It's a great time to move! (or so I've heard)

I know you are clamoring for market trends — specifically, market trends presented in pretty bar chart format and embedded here for ease of study. Not to worry. They are coming in a few paragraphs. First, however, there is something I need to get off my chest.

It cannot simultaneously be both a buyer’s market and a seller’s market, at least not from a big picture perspective.

There. I said it.

Why do I continue to see agent ads professing that it is both? It smacks of the stockbroker telling one client to buy Company A while telling another that it’s time to sell the sucker short.  And that’s the problem, isn’t it? Agents make money only when people buy in, trade up or sell out. But, unless you are a real estate investor perhaps, homes are not trading cards.

Somewhere on our way from 2005 to here, with sales down, the trend has become a tendency on the part of agents to redirect marketing away from promoting value of service and toward attempting to influence actual demand for the service. It takes two to tango their way through a real estate transaction – both a buyer and a seller — and agents can make a living by representing either.

That being the case, why pick sides? No more tired call to action for us. “Call me for all of your real estate needs” has been replaced. “It’s a great time to move!”

But is it? As you consider the answer, here is what we can say with certainty, if we are in the mood to be honest:

  1. Both Case and Shiller look at things from a macro perspective. They have neither visited your neighborhood nor previewed any of the homes for sale. They do not concern themselves with micro-markets, as that would be an enormous undertaking for dudes with day jobs. Their housing indices, therefore, should only be considered in the very broadest of metro area contexts.
  2. The center ring, at least in San Diego, is in the lower-priced category today. Blame it on a log jam of first-time buyers who have been waiting on the sidelines, the thousand-pound first-time home buyer tax credit gorilla, or a little modern-day matter of having to have a down payment and documented income to purchase a home; in San Diego, if you want to find the buyers, look in the under-$600,000 segment. The corollary? If you enjoy multiple offers, make offers on homes in this category.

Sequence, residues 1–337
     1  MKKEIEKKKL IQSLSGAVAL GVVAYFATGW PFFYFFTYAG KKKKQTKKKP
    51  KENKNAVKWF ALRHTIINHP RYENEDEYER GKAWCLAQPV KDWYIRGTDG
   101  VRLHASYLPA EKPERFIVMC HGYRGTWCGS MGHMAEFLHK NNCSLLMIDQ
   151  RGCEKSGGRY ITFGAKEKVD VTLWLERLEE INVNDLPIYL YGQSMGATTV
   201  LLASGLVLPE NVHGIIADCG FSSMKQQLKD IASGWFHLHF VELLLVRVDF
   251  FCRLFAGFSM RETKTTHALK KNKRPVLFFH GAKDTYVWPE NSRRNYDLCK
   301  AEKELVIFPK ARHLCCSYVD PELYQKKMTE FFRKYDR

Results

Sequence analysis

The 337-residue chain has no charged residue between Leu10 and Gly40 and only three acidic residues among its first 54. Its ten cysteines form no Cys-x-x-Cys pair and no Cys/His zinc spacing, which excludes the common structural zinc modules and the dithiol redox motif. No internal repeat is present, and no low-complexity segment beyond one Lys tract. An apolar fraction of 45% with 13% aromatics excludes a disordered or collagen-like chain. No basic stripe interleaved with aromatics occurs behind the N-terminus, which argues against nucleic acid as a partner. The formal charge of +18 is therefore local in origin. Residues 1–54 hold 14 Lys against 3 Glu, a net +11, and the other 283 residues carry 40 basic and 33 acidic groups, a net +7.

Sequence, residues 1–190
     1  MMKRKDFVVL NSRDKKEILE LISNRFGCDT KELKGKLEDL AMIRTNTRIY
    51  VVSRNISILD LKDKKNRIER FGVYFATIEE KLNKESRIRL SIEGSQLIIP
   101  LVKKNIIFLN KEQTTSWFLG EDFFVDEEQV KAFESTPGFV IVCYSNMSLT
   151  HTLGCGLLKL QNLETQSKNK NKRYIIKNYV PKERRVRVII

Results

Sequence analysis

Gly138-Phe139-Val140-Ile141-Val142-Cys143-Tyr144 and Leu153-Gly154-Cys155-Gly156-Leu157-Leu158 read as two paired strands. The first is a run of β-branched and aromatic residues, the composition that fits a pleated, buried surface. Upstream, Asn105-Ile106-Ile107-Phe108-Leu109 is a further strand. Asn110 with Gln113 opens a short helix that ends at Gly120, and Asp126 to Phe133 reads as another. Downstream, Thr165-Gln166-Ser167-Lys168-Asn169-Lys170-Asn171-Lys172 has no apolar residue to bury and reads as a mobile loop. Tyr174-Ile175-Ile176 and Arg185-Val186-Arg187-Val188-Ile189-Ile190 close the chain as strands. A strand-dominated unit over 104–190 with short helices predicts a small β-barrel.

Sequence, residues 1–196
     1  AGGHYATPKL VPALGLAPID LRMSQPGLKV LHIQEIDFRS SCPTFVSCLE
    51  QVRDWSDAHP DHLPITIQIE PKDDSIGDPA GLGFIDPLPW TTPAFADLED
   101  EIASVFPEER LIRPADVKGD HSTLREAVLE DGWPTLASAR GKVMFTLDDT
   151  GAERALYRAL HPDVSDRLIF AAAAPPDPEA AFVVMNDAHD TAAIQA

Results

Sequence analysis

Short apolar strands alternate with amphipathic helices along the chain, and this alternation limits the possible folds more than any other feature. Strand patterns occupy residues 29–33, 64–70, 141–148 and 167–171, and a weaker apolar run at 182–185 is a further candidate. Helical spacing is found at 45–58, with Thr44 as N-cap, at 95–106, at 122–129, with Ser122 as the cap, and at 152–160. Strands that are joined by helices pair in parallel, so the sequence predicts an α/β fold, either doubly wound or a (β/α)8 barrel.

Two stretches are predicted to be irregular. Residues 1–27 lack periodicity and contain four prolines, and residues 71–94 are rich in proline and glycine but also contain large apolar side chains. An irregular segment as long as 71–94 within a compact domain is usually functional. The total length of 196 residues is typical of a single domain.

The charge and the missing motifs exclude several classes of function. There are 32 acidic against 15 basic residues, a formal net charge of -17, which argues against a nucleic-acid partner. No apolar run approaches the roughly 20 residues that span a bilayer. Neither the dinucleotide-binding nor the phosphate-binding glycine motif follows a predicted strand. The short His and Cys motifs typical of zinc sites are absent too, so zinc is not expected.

3. The market remains volatile, and different price points are behaving differently, a sign that we haven’t reached Stabilization Station yet. Higher priced segments are still feeling downward pressure, and we are far from being able to predict when the higher-priced properties will be out of the woods.  However, San Diego prices today are about 50% less overall than they were in 2000. The bubble is now a red rubber ball, and we are going to be bouncing around the bottom for a while longer. The bully on the playground, however, may be the next wave of foreclosures, and whether these will represent a trickle or a tsunami is the subject of much debate.
  4. If your move is discretionary, you should move when it makes sense – when you need to, want to, and can afford to. On the other hand, if you are looking at your move like a penny stock play (and unless you are a well-capitalized, savvy investor who understands the risks/rewards), either plan on enjoying your new home for many, many years, or add that crown molding and stay put.
  5. You have too much information, and at some point, too much information gets in the way of decision-making. “Experts” are telling you that the market has both bottomed and is still in a tailspin. They say prices are going up and down. It’s a great time to buy or sell, you hear, and then you read that you should be institutionalized if you do either. Researching your market is a good thing; freezing in the headlights is not.
  6. Inventory is low. This only means that someone may buy your home within a reasonable range of market value sooner rather than later; it does not mean that a buyer will pay more than what your home is worth today.
  7. Prices are down from the peak. This only means that you have an opportunity to purchase a home for much less than you would have paid in 2003 or 2005. It does not mean that you will pay less than what the home is worth today.

Now that we have that out of the way, on to the much-anticipated bar charts.

Is it a buyer’s market or a seller’s market? I considered sales of all property types in six zip codes in the I-15 corridor (Tierrasanta, Mira Mesa, Scripps Ranch, Rancho Penasquitos, 4S Ranch/Del Sur, and Rancho Bernardo) just to be sure that I had a reasonable sample size. Then, because I had a hunch that price matters (duh), I looked at three price segments. Here is how the two-year trend lines stack up.

Below $600,000:

San Diego I-15 Corridor Housing Trends (Below $600k)

$601,000 – $900,000:

San Diego I-15 Corridor Housing Trends ($600k – $900k)

Over $900,000:
San Diego I-15 Corridor Housing Trends (Over $900k)

Looks to me like the little guys are picking up steam, the mid-range homes are pretty darn flat, and the line on the big boys’ chart is going in the wrong direction. But then, it could be just me.

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